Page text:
Obituary: Monika Suchocka
Throwing herself into her new life in London, Monika Suchocka had found a job and joined a choir.
The 23-year-old trainee accountant had only arrived from Poland two months before the bombings.
She lived in Archway with two other Polish women - friends from school and university - and on the morning of 7 July was on her way to work at an accountancy firm in West Kensington.
The last contact she had with anyone was at 0840 BST, when she sent a text message to a colleague to say she was having problems on the Northern Line and would get a bus.
Friends distributed posters of her in an attempt to track her down, worried she may have boarded the Number 30 bus which was ripped apart in Tavistock Square.
But police later said she was killed on the Piccadilly Line Tube travelling to Russell Square, and her inquest was held with fellow victims who died in that blast.
Ms Suchocka was part of a family of five with an elder brother, Marcin, and a younger brother, Maciek.
She grew up in Dabrowka Malborska, in northern Poland, where her mother was a primary school head teacher and her father worked for the local authority.
The book of tributes to those killed on 7 July described how she looked after her young cousins with great affection and was like a second mother to her little brother, born in 1992.
Because of ill health, she did not start school until she was six years old. It was her tenacious pursuit of goals that was said to set her apart.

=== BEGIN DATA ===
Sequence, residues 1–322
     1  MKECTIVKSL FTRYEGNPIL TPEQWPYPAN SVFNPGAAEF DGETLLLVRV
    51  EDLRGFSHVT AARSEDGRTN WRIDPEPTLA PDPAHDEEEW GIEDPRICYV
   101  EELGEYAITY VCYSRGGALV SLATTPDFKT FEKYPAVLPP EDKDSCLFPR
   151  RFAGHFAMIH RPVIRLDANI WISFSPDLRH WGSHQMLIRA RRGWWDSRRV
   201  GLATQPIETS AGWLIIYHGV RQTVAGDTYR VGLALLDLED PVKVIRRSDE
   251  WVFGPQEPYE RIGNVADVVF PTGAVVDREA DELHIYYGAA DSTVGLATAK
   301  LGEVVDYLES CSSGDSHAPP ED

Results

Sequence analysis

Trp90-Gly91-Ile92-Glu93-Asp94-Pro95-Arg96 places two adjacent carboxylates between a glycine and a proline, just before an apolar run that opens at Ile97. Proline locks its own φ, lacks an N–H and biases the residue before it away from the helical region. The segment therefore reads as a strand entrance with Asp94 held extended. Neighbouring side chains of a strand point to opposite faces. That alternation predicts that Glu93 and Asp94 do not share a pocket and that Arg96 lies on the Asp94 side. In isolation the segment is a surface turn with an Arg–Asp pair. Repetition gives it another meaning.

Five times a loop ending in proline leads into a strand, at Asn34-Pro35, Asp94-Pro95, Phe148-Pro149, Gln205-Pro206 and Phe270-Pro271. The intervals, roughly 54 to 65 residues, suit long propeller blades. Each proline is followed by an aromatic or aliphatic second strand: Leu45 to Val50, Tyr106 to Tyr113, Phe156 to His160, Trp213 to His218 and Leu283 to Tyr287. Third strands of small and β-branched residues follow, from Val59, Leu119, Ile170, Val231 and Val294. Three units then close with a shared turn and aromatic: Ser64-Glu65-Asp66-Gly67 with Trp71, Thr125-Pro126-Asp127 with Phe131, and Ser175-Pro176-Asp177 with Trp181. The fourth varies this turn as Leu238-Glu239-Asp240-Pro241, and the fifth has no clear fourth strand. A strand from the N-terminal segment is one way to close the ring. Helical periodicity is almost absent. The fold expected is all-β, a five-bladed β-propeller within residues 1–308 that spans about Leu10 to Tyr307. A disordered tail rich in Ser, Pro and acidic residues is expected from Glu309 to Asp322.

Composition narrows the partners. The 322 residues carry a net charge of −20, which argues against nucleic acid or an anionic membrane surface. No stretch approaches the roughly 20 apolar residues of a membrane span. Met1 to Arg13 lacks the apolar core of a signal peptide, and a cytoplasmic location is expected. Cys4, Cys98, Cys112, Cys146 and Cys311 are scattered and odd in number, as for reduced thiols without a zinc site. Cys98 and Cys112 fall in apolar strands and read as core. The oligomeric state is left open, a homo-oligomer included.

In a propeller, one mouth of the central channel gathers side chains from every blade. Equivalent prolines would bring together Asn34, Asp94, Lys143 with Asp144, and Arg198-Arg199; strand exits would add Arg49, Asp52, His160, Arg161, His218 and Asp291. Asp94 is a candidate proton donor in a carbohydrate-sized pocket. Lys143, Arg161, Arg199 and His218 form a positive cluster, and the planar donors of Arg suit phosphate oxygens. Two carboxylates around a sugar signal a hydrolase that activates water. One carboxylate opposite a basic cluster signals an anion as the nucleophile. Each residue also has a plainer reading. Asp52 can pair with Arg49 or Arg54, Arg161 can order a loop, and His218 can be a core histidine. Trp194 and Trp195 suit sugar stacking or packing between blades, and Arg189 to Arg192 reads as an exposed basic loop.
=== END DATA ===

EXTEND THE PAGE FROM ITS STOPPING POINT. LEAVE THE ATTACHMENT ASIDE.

In the tributes she was said to be "hard-working, scrupulous and reliable" and she always achieved top grades at school.
After leaving school, she completed a masters degree at the Academy of Economics in Poznan.
Ms Suchocka first went abroad in 2002 to study in Germany, and in summer 2003 she travelled to the United States to study English.
Just two and half months before the blast, she left for her new job in London.
The job was due to last until October that year, after which she would decide whether to stay in London or return to Poland.
Ms Suchocka continued to indulge her love of music after settling into her new life in the city, by playing the piano and joining a choir.
The book of tributes described her as "unassuming, gentle and sensitive, always ready to offer help to those in need".
Friend Tracy Purdon said: "This was her first time in London and she was really enjoying the excitement of it all."
Her elder brother Marcin said the siblings were in constant contact with each other, regularly sending text messages and emails.
The last time they spoke was on the Sunday before 7 July.
In his statement about his sister to police, he described the difficulty in accepting that Monika would never be at any future family gatherings.
Three Metropolitan Police officers returned her ashes to her family in Poland.